Why write new hymns and songs?

Because the Psalmist calls for them? Because language changes? Because new circumstances present themselves?

All of that and more! When we write poems and set them to music, when we sing, we set something free which pushes at the boundaries, that strains both doctrine and understanding, and in doing so gives birth to new hope. But this is dangerous. It can lead to heresy.

We need heresies. Heresies are the antidote to closed minds, to broken hopes. Christianity was predicated on a heresy, as far as the Jews were concerned; similarly Islam for Christians. Heresies sometimes help us frame what we really believe. Most of the historic creeds have come into being as defence against distortions of truth. But as someone once said, ‘what is truth?’ The moment we think we possess it we are, perhaps, captives of our own arrogance. Creeds can have a positive purpose, but equally they can be a strait-jacket.

I want to be able to explore faith in the same way that my scientific probing enabled me to make new discoveries. And yes, I know there is risk in that. But it was Sydney Carter who pointed out that you can’t cage the bird of heaven and still keep faith alive, anymore than you could cage a lark and expect to hear its voice. We know the truth of the metaphor, but people so often seek to cage certainty. Think of those Hebrews in exile who thought that God was dead because the temple and the city of Jerusalem and had been routed, until Ezekiel gave the dry, dead bones of their faith a wake-up call. [1] Or Peter who was so constrained by the Jewish food laws that he couldn’t talk to Cornelius until God pointed out the foolishness of his theology in a weird dream. [2] Or there are those friends of mine who wouldn’t go into a pub to ‘share the gospel’ because drink was evil, forgetting the wedding at Cana in Galilee – surely those jars didn’t contain grape juice? Oh, I could go on, but perhaps I’ve gone on long enough. The root of the problem is that we never fully know God.

And then we declaim and so often judge, we codify and the spirit of God is diminished and emasculated. Somehow the church needs to reclaim that prophetic spirit that can enable new adventures of faith, new discoveries of the unfathomable grace and freedom of God. At their best hymn poets have done just that. Today this is still part of our responsibility. On the one hand we are to communicate belief in that subversive way that perhaps only hymns enable, so that we sing our faith not only with our lips, but in our hearts that it might then be lived in our lives. On the other hand we should allow imagination to inform our writing so that we discover new and liberating truths fresh for our age and our need. Today this is as important as it ever was.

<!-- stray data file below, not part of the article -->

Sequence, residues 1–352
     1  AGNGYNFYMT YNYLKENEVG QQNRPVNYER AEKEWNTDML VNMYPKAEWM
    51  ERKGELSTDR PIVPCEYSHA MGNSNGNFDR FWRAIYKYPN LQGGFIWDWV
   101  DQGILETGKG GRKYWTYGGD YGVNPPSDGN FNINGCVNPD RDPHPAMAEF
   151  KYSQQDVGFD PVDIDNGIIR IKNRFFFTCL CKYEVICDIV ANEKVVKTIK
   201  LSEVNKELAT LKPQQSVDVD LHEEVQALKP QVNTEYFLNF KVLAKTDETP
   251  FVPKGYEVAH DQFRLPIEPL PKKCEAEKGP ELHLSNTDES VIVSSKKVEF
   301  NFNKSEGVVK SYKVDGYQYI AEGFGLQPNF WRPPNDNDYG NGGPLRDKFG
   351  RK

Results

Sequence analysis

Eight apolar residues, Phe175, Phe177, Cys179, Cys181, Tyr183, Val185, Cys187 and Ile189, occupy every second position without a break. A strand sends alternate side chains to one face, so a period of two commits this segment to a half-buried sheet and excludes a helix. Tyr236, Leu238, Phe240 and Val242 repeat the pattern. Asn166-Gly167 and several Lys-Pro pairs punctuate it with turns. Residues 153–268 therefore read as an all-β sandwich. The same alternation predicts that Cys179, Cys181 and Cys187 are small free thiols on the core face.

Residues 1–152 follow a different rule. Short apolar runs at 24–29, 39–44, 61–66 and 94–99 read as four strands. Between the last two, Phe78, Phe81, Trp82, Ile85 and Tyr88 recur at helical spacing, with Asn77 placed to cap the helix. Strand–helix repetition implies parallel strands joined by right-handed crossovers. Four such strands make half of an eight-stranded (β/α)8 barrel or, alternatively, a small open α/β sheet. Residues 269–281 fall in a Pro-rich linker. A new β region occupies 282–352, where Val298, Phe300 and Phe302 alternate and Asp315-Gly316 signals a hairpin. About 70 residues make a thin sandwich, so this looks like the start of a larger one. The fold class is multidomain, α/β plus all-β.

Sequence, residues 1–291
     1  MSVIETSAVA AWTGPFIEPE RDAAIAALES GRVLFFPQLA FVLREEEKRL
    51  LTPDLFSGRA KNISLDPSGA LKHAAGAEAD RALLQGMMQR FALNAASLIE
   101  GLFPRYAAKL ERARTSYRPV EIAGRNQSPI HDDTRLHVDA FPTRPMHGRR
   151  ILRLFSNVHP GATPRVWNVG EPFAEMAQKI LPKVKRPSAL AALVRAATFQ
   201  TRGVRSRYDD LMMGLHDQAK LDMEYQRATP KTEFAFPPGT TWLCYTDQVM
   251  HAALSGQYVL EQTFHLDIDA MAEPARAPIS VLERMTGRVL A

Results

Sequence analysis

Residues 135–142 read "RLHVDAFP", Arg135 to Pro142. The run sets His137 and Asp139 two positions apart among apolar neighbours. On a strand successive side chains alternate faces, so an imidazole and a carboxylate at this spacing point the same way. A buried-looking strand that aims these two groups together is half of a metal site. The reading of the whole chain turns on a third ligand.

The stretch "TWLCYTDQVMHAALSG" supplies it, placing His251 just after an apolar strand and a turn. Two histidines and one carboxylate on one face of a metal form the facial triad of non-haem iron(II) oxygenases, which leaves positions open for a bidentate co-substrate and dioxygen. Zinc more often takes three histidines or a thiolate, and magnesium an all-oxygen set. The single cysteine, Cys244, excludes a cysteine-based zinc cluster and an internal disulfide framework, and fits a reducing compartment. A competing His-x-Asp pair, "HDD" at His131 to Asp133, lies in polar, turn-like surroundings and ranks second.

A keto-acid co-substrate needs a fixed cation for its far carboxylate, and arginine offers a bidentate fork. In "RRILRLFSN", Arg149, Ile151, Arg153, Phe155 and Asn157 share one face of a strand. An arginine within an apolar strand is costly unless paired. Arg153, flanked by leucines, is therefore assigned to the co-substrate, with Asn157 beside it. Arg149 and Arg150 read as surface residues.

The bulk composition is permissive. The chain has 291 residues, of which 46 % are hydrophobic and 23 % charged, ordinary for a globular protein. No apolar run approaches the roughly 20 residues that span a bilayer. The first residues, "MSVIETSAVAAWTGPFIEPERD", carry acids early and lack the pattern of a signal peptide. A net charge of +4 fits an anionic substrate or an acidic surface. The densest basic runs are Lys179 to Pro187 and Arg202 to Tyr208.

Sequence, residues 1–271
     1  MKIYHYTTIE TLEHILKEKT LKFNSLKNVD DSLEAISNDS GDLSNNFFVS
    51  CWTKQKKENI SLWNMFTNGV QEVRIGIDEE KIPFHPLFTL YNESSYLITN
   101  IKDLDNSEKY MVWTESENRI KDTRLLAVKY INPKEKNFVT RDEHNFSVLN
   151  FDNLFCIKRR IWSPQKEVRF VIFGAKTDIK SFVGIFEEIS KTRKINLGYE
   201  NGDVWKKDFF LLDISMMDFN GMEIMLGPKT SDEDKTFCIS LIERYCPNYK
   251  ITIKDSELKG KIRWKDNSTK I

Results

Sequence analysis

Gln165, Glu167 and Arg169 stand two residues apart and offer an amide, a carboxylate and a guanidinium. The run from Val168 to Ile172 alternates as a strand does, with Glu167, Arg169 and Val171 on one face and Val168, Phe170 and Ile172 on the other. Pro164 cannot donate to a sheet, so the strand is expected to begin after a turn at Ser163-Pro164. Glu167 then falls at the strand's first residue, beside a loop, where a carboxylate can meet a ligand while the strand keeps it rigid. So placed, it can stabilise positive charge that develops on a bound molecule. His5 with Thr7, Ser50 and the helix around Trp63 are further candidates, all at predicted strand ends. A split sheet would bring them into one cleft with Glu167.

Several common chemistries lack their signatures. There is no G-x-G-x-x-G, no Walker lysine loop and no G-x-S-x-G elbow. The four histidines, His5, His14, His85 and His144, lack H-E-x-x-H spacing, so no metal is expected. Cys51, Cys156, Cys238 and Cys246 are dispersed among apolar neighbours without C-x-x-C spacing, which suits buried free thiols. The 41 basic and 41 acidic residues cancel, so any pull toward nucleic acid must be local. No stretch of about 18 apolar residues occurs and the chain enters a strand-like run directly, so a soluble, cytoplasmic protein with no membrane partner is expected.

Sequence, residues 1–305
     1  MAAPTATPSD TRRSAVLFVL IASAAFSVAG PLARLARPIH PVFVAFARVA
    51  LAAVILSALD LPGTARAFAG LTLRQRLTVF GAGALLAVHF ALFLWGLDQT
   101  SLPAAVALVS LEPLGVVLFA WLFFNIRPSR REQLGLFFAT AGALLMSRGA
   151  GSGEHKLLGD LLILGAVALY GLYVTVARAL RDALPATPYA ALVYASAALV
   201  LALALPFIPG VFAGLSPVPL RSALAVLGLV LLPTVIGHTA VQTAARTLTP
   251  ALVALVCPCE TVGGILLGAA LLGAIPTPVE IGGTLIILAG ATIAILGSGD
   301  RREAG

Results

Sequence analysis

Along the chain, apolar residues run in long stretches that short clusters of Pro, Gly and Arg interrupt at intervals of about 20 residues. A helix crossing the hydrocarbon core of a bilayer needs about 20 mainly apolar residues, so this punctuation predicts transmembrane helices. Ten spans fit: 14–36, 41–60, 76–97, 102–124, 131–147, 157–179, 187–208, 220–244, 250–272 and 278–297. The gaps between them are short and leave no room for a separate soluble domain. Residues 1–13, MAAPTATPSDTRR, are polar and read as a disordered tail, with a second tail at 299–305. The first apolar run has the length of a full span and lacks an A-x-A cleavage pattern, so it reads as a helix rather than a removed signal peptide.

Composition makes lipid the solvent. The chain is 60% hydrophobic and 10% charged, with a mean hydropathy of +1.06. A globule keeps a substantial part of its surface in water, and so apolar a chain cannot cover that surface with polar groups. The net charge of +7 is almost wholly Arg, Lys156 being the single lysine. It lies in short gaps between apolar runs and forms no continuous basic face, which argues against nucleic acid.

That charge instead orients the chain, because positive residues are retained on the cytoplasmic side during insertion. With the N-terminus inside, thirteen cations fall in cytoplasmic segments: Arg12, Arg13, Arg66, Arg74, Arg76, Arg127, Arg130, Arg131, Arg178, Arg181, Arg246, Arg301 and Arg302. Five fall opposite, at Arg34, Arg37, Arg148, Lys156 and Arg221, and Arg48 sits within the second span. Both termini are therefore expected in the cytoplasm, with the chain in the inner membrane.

So we must express old truths in new ways. We must explore new circumstances and make sense of them in terms of our understanding of God. We must forge new instruments of audacious hope testing our theology and recognising it as dynamic, growing as our understanding of God and the world deepens. And in all of this, praise of God, sung is a tool to be used and to be treasured. We can often sing those things we only tentatively hold to be true with our intellect and we can give birth to hope through poetic imagination that we would never contrive through conscious thought alone. If we do not have hymns and religious songs then we must invent some tool to take their place. Until then, let us continue to write and to sing new hymns and songs to God!

©Andrew Pratt 2010


Progressive religion – thoughts

Progressive Religion is an expression of faith held within the phrase: ‘Nothing Fixed or Final’.*
This is a creed in that Progressive Religion is not without belief, but that belief is always provisional because we are human. It involves a seeking after truth with the humility to admit that if we think we have found such truth, and we are tempted to frame and dogmatise it, then we have missed the point. Our understanding can never be complete, is always dynamic, always subject to change.
Progressive theology is predicated on the provisional nature of this religion and cannot ever be rooted in only one religious expression. While it may draw conclusions these are always open to critique, modification, change or even ultimately abandonment.